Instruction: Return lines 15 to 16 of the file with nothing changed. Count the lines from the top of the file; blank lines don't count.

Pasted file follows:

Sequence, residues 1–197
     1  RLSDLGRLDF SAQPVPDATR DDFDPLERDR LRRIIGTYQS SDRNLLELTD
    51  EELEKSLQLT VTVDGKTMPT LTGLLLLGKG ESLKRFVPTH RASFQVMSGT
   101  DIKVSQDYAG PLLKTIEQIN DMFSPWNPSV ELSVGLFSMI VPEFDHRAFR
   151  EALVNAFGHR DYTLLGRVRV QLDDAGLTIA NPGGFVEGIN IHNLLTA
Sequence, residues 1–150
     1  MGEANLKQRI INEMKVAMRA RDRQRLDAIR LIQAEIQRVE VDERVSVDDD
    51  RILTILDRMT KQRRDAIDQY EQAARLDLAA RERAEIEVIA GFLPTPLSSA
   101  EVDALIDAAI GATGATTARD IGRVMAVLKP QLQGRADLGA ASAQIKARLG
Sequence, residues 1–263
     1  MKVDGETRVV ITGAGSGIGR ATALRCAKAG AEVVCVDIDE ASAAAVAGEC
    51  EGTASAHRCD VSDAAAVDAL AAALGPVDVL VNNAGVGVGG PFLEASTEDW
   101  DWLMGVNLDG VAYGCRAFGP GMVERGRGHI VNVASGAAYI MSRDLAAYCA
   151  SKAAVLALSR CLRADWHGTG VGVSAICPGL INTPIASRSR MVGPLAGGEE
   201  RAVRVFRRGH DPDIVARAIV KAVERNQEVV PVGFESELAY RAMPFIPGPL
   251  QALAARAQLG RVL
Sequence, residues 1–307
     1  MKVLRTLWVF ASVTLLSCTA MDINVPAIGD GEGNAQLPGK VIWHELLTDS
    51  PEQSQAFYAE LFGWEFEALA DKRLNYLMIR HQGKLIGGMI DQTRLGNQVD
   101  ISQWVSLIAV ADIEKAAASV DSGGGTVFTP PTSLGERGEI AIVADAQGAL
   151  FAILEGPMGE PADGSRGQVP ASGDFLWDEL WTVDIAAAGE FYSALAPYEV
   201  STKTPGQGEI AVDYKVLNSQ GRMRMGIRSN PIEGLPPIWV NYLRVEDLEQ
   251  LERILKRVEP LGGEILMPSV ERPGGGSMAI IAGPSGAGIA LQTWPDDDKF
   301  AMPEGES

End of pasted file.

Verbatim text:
   201  RAVRVFRRGH DPDIVARAIV KAVERNQEVV PVGFESELAY RAMPFIPGPL
   251  QALAARAQLG RVL